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Blended in horrid and incestuous bonds!
All these terms denote on the one side Oedipus only, and on the other Jocasta. But the number thrown into the plural, seems to multiply the misfortunes of that unfortunate pair. So another poet has made use of the same method of increase,
Then Hectors and Sarpedons issued forth.
Of this Figure is that expression of Plato concerning the Athenians, quoted by me in my other writings. " For neither do the
Pelops's, nor the Cadmus's, nor the Ægyp“ tus’s, nor the Danaus's dwell here with us, nor indeed
others of barbarous descent, " but we ourselves, Grecians entirely, not
having our blood debased by barbarian “ mixtures, dwell here alone,”' &c. * When the words are thus confusedly thrown into multitudes, one upon another, they excite in us greater and more elevated ideas of things. Yet recourse is not to be had to this Figure on all' occasions, but then only when the subject will admit of an Amplification, an
* Plato in Menexeno, p. 245. ed. Par.
EnlargeEnlargement, Hyperbolé, or Passion, either one or more.', 'For to hang such trappings to every passage is highly pedantic.
;- ?; ;! :; ; ; si
SECTION XXIV. On the contrary also, plurals reduced and contracted into singulars, have sometimes much grandeur and magnificence.
" For to hang such trappings, &c.] I have given this passage such a túrn as, I hope, will clear the meaning to an English reader. The literal translation is, “ For “ hånging the bells
where savours too much of “ the sophist or pedant." The metaphor is borrowed from a custom among the ancients, who, at public games and concourses, were used to hang little bells (uudaves) on the bridles and trapping of their horses, that their continual chiming might add pomp to the solemnity.
The robe or ephod of the high-priest, in the Mosaic dispensation, had this ornament of bells, though another reason, besides the pomp and dignity of the sound, is alledged for it in Exodus xxviii. 33.
Besides all Peloponnesus.] Instead of, “ all the “ inhabitants of Peloponnesus, were at that time rent “ into factions."
St. Paul makes use of this figure, jointly with a change of person, on several occasions, and with different views. In Rom. vii. to avoid the direct charge of disobedience on the whole body of the Jews, he transfers the discourse into the first person, and so charges L
* sides all Peloponnesus was at that time rent 66 into factions*.”' And, “ At the
represen“ tation of Phrynichus' tragedy, called, The
Siege of Miletus, ? the whole theatre was. “ melted into tears t." For uniting thus one complete number out of several distinct, ren-; ders a discourse more nervous and solid. But the beauty, in each of these figures, arises
the insufficiency and frailty of all his countrymen on himself, to guard against the invidiousness which an open accusation might have drawn upon him. See ver. 925 * Demosth. orat. de corona, p. 17. ed. Oxon.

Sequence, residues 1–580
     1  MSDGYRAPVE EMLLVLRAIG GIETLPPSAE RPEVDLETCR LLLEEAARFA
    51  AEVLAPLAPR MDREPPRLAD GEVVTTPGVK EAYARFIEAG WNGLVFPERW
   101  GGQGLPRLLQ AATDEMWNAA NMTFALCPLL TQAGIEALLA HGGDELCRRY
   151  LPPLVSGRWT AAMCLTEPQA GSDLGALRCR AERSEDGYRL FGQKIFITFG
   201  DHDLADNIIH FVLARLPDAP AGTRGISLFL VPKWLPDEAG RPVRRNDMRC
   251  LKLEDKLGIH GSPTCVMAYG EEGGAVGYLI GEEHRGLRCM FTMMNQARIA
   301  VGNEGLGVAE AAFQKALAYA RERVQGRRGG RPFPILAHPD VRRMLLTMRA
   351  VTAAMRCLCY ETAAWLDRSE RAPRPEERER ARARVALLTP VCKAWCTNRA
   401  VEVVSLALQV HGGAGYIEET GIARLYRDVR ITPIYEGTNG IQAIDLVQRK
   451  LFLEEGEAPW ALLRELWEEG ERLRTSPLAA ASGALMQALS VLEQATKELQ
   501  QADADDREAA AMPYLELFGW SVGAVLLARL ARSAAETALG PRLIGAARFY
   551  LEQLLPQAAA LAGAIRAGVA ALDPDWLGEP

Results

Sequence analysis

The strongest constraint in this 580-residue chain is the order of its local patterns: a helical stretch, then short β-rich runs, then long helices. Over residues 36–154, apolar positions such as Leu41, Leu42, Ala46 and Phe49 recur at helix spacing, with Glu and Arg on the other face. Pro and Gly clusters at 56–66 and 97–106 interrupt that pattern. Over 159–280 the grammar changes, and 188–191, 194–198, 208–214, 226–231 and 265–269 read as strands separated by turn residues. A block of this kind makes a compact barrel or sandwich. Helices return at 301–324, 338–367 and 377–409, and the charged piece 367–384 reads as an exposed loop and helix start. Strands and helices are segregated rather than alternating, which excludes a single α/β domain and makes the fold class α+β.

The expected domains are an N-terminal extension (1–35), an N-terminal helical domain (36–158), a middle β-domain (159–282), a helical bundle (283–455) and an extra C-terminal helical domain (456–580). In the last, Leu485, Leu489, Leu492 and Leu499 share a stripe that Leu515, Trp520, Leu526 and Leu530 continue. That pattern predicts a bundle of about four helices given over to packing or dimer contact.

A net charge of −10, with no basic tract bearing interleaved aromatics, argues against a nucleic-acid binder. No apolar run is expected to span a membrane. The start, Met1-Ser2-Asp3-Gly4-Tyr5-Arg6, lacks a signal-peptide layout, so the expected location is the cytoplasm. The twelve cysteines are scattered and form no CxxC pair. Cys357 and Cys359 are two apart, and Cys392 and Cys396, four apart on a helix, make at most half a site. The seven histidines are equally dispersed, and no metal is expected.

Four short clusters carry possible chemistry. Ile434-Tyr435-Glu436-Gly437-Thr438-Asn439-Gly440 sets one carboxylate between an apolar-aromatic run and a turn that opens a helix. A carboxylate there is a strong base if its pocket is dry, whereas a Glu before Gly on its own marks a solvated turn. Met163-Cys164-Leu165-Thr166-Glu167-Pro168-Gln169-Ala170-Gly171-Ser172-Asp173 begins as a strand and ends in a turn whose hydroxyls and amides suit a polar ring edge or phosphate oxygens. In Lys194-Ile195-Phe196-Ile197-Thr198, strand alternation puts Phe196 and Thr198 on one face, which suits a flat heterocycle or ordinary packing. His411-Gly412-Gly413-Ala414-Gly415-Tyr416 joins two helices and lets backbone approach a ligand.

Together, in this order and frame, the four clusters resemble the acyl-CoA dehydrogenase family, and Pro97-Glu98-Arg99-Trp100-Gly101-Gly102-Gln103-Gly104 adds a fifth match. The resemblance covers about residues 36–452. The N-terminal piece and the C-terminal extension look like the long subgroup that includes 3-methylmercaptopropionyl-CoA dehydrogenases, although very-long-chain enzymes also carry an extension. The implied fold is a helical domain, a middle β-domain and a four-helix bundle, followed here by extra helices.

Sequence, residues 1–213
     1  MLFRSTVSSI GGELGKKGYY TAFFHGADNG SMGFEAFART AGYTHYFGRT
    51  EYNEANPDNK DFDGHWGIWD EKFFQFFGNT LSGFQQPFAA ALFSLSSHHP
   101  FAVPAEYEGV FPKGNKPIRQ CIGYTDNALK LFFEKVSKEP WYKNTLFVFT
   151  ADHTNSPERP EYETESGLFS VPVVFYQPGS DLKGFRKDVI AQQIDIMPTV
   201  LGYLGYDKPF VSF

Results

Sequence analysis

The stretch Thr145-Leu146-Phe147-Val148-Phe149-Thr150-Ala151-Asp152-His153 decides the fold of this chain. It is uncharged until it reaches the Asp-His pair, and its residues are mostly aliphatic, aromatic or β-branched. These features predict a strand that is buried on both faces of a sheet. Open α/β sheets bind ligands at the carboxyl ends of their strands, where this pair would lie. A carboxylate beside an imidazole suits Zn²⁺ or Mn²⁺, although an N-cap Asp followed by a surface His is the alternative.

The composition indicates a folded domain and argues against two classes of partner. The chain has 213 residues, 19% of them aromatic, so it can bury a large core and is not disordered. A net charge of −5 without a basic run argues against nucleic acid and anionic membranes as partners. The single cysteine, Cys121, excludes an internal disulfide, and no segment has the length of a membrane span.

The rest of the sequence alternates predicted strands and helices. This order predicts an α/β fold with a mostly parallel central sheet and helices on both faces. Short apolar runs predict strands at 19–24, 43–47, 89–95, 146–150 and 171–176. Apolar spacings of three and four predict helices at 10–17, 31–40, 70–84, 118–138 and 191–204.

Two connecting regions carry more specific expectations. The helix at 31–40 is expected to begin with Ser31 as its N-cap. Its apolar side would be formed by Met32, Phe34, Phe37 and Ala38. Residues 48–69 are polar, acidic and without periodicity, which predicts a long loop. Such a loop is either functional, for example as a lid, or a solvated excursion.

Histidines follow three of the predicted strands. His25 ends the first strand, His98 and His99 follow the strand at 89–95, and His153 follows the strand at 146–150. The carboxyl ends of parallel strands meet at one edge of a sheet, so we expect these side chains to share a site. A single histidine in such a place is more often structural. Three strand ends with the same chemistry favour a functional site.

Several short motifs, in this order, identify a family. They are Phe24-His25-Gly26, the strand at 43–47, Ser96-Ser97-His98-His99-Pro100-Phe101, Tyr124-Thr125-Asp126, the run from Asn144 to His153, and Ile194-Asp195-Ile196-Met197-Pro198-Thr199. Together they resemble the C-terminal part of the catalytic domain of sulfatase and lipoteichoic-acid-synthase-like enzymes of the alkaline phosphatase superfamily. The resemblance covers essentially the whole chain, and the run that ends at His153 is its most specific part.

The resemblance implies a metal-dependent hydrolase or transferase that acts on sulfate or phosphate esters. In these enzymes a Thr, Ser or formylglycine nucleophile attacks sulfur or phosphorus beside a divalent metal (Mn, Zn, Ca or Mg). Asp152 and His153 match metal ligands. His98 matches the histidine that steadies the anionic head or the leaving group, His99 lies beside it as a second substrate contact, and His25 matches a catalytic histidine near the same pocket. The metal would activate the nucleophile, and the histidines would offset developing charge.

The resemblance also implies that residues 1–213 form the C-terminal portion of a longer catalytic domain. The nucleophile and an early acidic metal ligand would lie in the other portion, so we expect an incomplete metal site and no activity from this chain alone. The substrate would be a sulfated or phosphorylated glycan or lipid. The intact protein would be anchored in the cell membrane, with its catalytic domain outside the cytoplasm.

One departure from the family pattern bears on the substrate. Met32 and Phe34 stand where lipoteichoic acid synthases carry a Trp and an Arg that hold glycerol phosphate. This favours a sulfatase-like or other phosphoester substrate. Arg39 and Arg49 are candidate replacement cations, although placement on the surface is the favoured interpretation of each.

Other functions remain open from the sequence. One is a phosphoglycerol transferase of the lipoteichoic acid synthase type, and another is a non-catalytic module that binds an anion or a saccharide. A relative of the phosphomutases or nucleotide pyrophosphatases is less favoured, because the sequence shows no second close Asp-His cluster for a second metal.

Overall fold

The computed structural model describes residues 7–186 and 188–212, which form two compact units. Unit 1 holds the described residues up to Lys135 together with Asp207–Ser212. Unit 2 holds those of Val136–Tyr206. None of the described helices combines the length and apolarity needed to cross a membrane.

The whole theatre. Instead of,“ all the people in " the theatre.” Miletus was a city of lonia, which the Persians besieged and took. Phrynichus, a tragic poet,, brought a play on the stage about the demolition of this city. But the Athenians (as Herodotus informs us) fined him a thousand drachme, for ripping open afresh their domestic sores; and published an edict, that no one should ever after write on that subject. PEARCE.
Shakespeare makes a noble use of this Figure, in the following lines from his Antony and Cleopatra, though in the close, there is a very strong dash of the Hyperbolé :
-The city cast
from the same cause, which is the unexpected change of a word into its opposite number. For when Singulars occur unexpectedly to multiply them into Plurals, and by a sudden and unforeseen change, to contract Plurals into one Singular sounding and emphatical, is the mark of a pathetic speaker,
SECTION XXV. When you introduce things past as actually present, and in the moment of action, you no longer relate, but display, the very action before the
of “A soldier, says Xenophon*, falls down “ under Cyrus' horse, and being trampled “ under foot, wounds him in the belly with “ his sword. The horse, impatient of the “wound, flings about and throws off Cyrus.
So Virgil Æn. l. xi. ver. 637.
By making use of the present tense, Virgil makes the reader see almost with his eyes, the wound of the horse, and the fall of the warrior.--DR. PEARCE. Xenophon de Cyri institut. 1. 7.
“ He falls to the ground.”. Thucydides very frequently makes use of this Figure.
put not thou to sea in that sad month! 1
* Iliad. o. ver. 698. + Arati Phænom. v. 287.
Virgil supplies another instance of the efficacy of this Figure, in the En. l. viii. ver. 689.
Una omnes ruere, ac totum spumare reductis
L'horror, la crudelta, la tema, il lutto
Van d'intorno scorrendo: et in varia imago